scenarios. For example, a router that is deployed in a single- scenarios. For example, a router that is deployed in a
area network does not need to support the receipt and processing single-area network does not need to support the receipt and
of TLV types 28 and 29. Those TLVs might be inserted in an IF_ID processing of TLV types 28 and 29. Those TLVs might be inserted
ERROR_SPEC object, but would not need to be processed by the in an IF_ID ERROR_SPEC object, but would not need to be processed
receiver of a PathErr message. by the receiver of a PathErr message.
7.3.2 Error Report TLVs 7.3.2 Error Report TLVs
Error Report TLVs are those in the range 1 through 7. Error Report TLVs are those in the range 1 through 7.
As stated above, when crankback information is reported, As stated above, when crankback information is reported,
the IF_ID ERROR_SPEC object MUST be used. When the IF_ID the IF_ID ERROR_SPEC object MUST be used. When the IF_ID
ERROR_SPEC object is used, at least one of the TLVs in ERROR_SPEC object is used, at least one of the TLVs in
the range 1 through 7 MUST be present. The choice of which the range 1 through 7 MUST be present. The choice of which
TLV to use will be dependent on the circumstance of the error TLV to use will be dependent on the circumstance of the error
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established or until the node abandons its attempts to re-route established or until the node abandons its attempts to re-route
the LSP. This allows the combination of crankback information the LSP. This allows the combination of crankback information
from multiple failures when computing an alternate path. from multiple failures when computing an alternate path.
It is an implementation decision whether the crankback It is an implementation decision whether the crankback
information is discarded immediately upon successful LSP information is discarded immediately upon successful LSP
establishment or retained for a period in case the LSP fails. establishment or retained for a period in case the LSP fails.
7.4.2 Location Identifiers of Blocked Links or Nodes 7.4.2 Location Identifiers of Blocked Links or Nodes
In order to compute an alternate path by crankback re- In order to compute an alternate path by crankback re-routing,
routing, it is necessary to identify the blocked links or it is necessary to identify the blocked links or nodes and
nodes and their locations. The common identifier of each their locations. The common identifier of each link or node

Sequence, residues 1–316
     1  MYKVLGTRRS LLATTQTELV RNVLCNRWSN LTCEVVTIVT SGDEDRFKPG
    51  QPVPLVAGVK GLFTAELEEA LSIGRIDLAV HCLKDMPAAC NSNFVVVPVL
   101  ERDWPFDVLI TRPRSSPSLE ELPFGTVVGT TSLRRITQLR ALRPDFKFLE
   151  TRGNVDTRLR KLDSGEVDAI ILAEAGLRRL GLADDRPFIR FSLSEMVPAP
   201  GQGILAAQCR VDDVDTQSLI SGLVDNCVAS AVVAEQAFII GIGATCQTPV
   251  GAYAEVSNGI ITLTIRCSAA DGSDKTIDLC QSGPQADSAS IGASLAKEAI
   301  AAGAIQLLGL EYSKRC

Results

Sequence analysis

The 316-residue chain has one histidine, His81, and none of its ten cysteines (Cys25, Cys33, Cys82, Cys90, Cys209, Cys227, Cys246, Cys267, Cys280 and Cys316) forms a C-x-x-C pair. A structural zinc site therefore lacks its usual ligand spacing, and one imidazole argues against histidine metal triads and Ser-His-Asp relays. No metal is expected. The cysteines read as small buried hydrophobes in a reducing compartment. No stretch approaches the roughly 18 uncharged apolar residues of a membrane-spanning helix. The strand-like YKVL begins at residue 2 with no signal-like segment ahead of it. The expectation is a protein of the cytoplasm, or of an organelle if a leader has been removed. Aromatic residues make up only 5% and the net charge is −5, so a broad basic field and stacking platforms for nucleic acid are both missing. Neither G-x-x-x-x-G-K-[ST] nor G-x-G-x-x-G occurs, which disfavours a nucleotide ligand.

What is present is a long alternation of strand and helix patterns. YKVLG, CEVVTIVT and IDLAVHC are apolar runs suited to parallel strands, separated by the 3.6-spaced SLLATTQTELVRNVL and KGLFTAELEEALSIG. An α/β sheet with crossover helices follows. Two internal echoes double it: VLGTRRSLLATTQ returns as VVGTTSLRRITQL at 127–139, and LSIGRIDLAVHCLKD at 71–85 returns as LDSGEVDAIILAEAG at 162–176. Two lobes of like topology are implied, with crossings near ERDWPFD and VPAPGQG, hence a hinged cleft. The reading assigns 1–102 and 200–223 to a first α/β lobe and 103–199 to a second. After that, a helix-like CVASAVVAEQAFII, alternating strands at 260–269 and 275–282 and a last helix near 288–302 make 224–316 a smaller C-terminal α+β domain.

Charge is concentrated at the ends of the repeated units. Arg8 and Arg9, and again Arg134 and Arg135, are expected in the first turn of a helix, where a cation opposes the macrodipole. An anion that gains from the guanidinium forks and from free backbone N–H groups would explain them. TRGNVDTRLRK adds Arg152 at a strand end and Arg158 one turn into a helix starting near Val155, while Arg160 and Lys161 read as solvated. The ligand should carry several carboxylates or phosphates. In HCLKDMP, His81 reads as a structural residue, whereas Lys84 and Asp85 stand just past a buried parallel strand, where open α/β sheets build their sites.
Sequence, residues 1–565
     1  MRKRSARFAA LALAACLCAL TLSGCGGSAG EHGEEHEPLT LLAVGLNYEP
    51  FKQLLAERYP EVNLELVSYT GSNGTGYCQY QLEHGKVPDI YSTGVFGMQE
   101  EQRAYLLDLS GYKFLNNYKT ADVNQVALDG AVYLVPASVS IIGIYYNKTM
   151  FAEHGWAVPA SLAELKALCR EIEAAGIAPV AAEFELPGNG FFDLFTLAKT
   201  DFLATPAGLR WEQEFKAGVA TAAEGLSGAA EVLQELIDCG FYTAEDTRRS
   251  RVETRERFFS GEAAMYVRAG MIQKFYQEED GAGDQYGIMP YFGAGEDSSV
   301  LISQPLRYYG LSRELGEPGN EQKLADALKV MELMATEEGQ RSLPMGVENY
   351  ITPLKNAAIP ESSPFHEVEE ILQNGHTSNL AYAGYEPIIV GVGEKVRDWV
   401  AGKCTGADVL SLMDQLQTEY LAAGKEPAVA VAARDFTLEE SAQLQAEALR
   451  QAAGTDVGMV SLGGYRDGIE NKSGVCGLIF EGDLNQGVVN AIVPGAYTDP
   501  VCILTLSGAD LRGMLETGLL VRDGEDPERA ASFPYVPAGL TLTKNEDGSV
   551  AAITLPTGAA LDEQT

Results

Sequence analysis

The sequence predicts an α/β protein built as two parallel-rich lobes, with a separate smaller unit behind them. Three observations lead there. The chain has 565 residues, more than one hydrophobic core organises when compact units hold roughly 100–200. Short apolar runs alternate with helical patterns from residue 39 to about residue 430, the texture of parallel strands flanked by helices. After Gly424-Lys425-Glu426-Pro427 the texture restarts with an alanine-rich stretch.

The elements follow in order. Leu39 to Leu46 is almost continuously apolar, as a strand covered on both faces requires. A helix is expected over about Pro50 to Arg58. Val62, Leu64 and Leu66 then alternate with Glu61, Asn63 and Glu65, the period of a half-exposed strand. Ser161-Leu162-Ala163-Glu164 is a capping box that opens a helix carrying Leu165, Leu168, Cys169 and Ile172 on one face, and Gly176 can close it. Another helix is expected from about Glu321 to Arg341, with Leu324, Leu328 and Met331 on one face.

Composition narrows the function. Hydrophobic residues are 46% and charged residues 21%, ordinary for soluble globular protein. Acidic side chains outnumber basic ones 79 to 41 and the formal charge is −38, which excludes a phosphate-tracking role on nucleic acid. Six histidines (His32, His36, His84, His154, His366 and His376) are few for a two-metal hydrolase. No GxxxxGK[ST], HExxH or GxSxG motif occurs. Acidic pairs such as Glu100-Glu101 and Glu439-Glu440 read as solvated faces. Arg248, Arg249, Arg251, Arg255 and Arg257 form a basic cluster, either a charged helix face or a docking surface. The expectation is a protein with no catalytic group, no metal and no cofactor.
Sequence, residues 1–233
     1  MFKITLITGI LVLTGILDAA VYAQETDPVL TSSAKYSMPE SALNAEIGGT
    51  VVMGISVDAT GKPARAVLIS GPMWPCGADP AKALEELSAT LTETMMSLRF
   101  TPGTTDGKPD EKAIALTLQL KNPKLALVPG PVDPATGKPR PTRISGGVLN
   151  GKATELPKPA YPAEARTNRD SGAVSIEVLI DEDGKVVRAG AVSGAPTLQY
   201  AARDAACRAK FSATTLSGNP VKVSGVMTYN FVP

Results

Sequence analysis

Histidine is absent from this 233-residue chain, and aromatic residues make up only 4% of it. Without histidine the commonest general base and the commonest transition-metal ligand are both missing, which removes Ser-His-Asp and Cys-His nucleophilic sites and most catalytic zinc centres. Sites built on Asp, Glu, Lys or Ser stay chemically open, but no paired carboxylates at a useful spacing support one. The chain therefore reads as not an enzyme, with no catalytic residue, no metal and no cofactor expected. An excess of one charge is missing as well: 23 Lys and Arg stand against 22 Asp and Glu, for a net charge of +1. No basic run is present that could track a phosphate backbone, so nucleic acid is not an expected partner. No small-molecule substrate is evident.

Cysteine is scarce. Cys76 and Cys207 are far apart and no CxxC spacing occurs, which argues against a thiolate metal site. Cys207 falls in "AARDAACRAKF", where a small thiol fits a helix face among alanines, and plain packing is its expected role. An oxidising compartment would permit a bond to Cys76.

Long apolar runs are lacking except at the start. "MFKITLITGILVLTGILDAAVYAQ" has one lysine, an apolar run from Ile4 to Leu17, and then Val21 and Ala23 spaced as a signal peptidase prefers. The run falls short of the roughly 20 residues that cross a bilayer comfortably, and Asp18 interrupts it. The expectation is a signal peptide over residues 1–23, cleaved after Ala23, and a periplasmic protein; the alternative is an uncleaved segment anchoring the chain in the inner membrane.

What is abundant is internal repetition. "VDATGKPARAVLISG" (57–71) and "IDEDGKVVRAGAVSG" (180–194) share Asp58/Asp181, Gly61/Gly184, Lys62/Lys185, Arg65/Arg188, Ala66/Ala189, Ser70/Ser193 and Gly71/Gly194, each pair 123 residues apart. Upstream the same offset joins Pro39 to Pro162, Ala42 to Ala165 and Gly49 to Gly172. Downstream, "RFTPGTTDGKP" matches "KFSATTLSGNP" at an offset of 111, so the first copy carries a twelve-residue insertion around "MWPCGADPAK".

link or node in an MPLS network should be specified. Both in an MPLS network should be specified. Both
protocol-independent and protocol- dependent identifiers protocol-independent and protocol- dependent identifiers
may be specified. Although a general identifier that is may be specified. Although a general identifier that is
independent of other protocols is preferable, there are a independent of other protocols is preferable, there are a
couple of restrictions on its use as described in the couple of restrictions on its use as described in the
following subsection. following subsection.
In link state protocols such as OSPF and IS-IS , each In link state protocols such as OSPF and IS-IS , each
link and node in a network can be uniquely identified. link and node in a network can be uniquely identified.
For example, by the context of a Router ID and the Link For example, by the context of a Router ID and the Link
ID. If the topology and resource information obtained by ID. If the topology and resource information obtained by
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route between which the error/blockage occurred. route between which the error/blockage occurred.
To assist this, the crankback information reports the top To assist this, the crankback information reports the top
two hops of the explicit route as received at the two hops of the explicit route as received at the
reporting node. The first hop will likely identify the reporting node. The first hop will likely identify the
node or the link, the second hop will identify a 'next' node or the link, the second hop will identify a 'next'
hop from the original explicit route. hop from the original explicit route.